One of the most influential figures in modern Southern cooking
Renowned author and chef
Born in 1916 in Freetown, Va., Edna Lewis grew up on a farm, where she learned to cook. After her father died when she was 16, she moved to Washington, D.C., living there briefly before finally settling in New York. She worked a series of different jobs until she began cooking at Café Nicholson in Midtown Manhattan, offering a simple menu of dishes like biscuits and herbed roast chicken. She soon became a local legend, and cooked for the likes of Salvador Dalí and Eleanor Roosevelt.
She left Café Nicholson in 1954, and started catering and teaching cooking classes in the American Museum of Natural History. About 20 years later, she wrote “The Edna Lewis Cookbook.” She began working with the renowned editor Judith Jones on a second book. After Jones pushed Lewis to find a more distinctive voice, “The Taste of Country Cooking” was born, which would become Lewis’s most significant cookbook, expanding on her Southern roots and how she would grow, harvest and cook what they planted in Freetown. It is celebrated for its focus on the simplicity of Southern food and emphasis of farm-to-table eating.
She went on to publish “In Pursuit of Flavor” in 1988, and “The Gift of Southern Cooking,” written with Scott Peacock, in 2003. Lewis died in 2006, but she is still recognized today for being a leading food voice in America.
Their restaurant, Brenda’s Bar-B-Que Pit, became a center for civil rights in Montgomery, Ala.
The oldest barbecue restaurant in Montgomery that’s still in operation
Their efforts contributed to the success of the bus boycotts
In 1955, Rosa Parks refused to give up her seat on a bus in Montgomery. Shortly after, bus boycotts began around the city. The Brenda’s Bar-B-Que Pit staff helped organize parts of the boycott, which soon propelled the civil rights movement into the national conversation.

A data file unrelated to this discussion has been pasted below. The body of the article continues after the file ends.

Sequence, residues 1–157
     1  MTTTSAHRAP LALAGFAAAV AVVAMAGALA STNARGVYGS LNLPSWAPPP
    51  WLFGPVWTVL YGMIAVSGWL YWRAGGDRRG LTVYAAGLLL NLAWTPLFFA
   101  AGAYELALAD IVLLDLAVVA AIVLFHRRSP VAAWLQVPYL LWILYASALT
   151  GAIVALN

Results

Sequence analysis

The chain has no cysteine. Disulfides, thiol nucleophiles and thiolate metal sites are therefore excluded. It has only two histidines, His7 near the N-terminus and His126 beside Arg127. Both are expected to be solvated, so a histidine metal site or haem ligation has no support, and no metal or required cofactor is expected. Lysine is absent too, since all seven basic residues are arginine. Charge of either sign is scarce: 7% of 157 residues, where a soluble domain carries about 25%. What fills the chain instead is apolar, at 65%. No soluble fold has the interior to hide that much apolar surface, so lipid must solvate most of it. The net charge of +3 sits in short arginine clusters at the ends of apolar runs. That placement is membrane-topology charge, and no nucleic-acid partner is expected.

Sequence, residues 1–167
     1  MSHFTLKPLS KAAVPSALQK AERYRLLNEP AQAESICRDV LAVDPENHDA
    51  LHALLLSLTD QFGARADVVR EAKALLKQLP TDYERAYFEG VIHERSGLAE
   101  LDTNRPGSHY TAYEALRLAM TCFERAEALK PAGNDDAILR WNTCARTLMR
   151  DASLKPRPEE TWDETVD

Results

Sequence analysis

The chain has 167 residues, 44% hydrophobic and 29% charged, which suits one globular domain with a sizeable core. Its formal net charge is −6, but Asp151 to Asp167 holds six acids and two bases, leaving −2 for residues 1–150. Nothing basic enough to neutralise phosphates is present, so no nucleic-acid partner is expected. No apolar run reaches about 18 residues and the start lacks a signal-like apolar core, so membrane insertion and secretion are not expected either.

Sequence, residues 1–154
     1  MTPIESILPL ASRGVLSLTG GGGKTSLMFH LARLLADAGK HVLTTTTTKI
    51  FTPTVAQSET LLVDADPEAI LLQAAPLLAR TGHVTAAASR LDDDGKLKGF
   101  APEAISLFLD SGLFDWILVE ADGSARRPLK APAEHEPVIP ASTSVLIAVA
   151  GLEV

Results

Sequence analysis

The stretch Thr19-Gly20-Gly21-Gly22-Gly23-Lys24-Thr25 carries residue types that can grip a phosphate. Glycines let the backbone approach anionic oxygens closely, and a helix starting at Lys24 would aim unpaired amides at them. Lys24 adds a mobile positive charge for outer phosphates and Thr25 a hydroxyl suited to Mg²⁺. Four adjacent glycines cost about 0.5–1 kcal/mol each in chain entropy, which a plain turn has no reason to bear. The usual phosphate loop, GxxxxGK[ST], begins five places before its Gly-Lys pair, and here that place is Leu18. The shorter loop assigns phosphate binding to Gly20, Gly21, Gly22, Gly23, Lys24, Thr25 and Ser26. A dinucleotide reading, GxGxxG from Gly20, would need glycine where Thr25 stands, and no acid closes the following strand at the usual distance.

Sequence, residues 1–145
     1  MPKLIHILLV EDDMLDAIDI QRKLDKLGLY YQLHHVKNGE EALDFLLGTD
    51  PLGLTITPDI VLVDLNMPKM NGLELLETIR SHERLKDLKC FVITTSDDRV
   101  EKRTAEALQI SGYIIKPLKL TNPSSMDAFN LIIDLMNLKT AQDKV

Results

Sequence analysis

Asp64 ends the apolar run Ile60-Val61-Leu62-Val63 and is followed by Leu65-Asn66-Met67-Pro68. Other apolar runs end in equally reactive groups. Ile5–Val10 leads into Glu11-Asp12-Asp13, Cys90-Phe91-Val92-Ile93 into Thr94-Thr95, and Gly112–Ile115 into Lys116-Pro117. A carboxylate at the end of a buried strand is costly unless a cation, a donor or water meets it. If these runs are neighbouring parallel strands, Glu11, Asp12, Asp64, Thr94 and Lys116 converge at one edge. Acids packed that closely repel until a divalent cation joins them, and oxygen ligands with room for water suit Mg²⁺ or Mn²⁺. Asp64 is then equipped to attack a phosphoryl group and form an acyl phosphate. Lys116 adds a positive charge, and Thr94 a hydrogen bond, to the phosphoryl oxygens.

Jereline and Larry Bethune first opened the restaurant in 1942; back then it was a nightclub, the Siesta Club, that sold food. It later became Brenda’s, named for one of their daughters. The restaurant became an unofficial center for the local civil rights movement, holding N.A.A.C.P. meetings, printing fliers and planning protests.
But even after the bus boycotts, Ms. Bethune quietly held lessons to teach other African-Americans to read so they could pass the literacy test, which functioned as a way to suppress the black vote during the height of the Jim Crow era. Donetta Bethune, the Bethunes’ granddaughter, described it as: “Let’s learn how to read. Let’s learn how to vote. Let’s go after our own rights so we never have to be treated in a way that we’re not equal to again. In the black community, that’s how they lived back then. Everyone helped each other, or else how could you get by or how could you make it through.”
Brenda’s is family-run to this day, and it still feeds locals its popular ribs, pig ears and chopped pork.
More on some of the featured chefs
Edna Lewis and the Black Roots of American Cooking
James Hemings, Slave and Chef for Thomas Jefferson